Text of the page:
NASA sent a statement to Forbes that read, Control of our Global Hawk aircraft was not compromised. NASA has no evidence to indicate the alleged hacked data are anything other than already publicly available data. NASA takes cybersecurity very seriously and will continue to fully investigate all of these allegations.

Read more: http://www.iflscience.com/technology/hackers-claim-have-accessed-data-nasa-drone

Mini-Drones Battle Remote Control Cars Action Scene

Mini-Drones Battle Remote Control Cars Action Scene

Special effects studio Corridor Digital teamed up with drone company Parrot to put together this heart racing action scene. While going for a drive through town, a gang of bandits attack a group of cars. But thankfully, there were drones equipped with lasers to fight off the criminals. The entire scene looks like an action sequence from a big budget Hollywood film, but really it was created using toy remote cars and mini-drones. Awesome! 


Read more: http://www.viralviralvideos.com/2014/12/01/mini-drones-battle-remote-control-cars-action-scene/

Solar-Powered Drone Could Fly Nonstop For Five Years

Though many people immediately associate unmanned drones with military use or some kind of dubious espionage activity, but they have incredible potential to be used in a wide variety of peaceful and scientific applications. In addition to delivering supplies to disaster-stricken areas, drones could be used to gather information about things like weather and wildlife.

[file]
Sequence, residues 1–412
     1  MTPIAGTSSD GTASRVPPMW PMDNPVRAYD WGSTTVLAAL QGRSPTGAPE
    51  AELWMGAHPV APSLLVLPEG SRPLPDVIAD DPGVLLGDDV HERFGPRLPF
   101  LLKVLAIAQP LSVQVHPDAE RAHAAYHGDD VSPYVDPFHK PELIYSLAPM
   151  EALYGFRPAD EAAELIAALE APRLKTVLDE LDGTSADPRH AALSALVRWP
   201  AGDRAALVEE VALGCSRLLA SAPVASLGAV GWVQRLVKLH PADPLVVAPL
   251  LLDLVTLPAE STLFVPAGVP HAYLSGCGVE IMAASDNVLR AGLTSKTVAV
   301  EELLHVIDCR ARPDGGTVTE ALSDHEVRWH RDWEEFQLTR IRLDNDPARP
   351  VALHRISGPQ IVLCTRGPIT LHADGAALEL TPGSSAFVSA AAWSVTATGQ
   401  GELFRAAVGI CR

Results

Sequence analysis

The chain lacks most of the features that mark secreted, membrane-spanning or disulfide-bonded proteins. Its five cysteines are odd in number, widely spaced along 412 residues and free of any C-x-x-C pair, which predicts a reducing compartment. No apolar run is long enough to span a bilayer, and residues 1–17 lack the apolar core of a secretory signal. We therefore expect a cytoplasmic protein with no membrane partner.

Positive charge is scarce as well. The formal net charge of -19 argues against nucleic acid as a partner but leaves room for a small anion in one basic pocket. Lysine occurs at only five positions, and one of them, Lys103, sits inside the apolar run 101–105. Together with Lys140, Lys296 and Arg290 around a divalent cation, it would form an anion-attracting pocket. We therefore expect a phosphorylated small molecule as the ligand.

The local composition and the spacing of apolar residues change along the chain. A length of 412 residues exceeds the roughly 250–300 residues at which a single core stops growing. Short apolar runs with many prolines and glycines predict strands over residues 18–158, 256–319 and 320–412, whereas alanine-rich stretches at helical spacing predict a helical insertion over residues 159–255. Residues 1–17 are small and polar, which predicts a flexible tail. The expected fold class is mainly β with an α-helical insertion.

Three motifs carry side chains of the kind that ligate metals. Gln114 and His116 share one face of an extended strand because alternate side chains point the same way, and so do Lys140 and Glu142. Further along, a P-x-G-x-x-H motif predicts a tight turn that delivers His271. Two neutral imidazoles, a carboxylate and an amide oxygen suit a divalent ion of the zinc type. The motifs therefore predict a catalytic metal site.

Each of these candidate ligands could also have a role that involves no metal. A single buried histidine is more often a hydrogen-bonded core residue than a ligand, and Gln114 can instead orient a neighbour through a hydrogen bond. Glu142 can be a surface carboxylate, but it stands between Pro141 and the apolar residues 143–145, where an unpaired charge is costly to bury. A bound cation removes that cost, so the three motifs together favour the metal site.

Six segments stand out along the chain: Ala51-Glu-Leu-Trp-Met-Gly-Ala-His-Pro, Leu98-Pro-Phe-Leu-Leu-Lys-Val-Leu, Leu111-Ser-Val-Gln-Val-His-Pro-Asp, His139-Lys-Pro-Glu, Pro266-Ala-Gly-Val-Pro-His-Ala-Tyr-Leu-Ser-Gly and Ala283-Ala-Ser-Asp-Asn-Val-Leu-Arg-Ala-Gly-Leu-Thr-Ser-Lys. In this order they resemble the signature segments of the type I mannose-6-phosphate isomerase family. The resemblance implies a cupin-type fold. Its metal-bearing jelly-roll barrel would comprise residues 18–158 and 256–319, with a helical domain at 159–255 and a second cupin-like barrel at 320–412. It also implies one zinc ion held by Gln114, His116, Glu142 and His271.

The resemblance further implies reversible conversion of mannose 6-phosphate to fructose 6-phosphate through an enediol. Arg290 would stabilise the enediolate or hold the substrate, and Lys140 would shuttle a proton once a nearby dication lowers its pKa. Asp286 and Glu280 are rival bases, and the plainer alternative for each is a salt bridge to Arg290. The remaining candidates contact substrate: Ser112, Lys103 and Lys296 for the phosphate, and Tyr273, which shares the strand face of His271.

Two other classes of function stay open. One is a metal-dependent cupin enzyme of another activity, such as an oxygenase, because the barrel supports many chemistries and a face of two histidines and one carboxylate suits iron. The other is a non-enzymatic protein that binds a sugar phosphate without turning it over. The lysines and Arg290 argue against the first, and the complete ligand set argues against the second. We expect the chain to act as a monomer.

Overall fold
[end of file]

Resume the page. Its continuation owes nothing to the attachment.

Titan Aerospace is currently developing a drone named Solara 50 that is being hailed as an “atmospheric satellite” and has quite a lot to offer in terms of gathering scientific data. The drone will fly at an altitude of over 19,000 meters (65,000 feet) where there is little air traffic and above most weather that could impede its travels. Flying at that height will also give it unobstructed access to the sun, which will power the 3,000 solar cells that cover its 50-meter-long (164 feet) wings. The solar cells will also charge lithium ion batteries stored inside the wing so it can fly at night, which means that this drone can fly uninterrupted for up to 5 years all while producing zero emissions.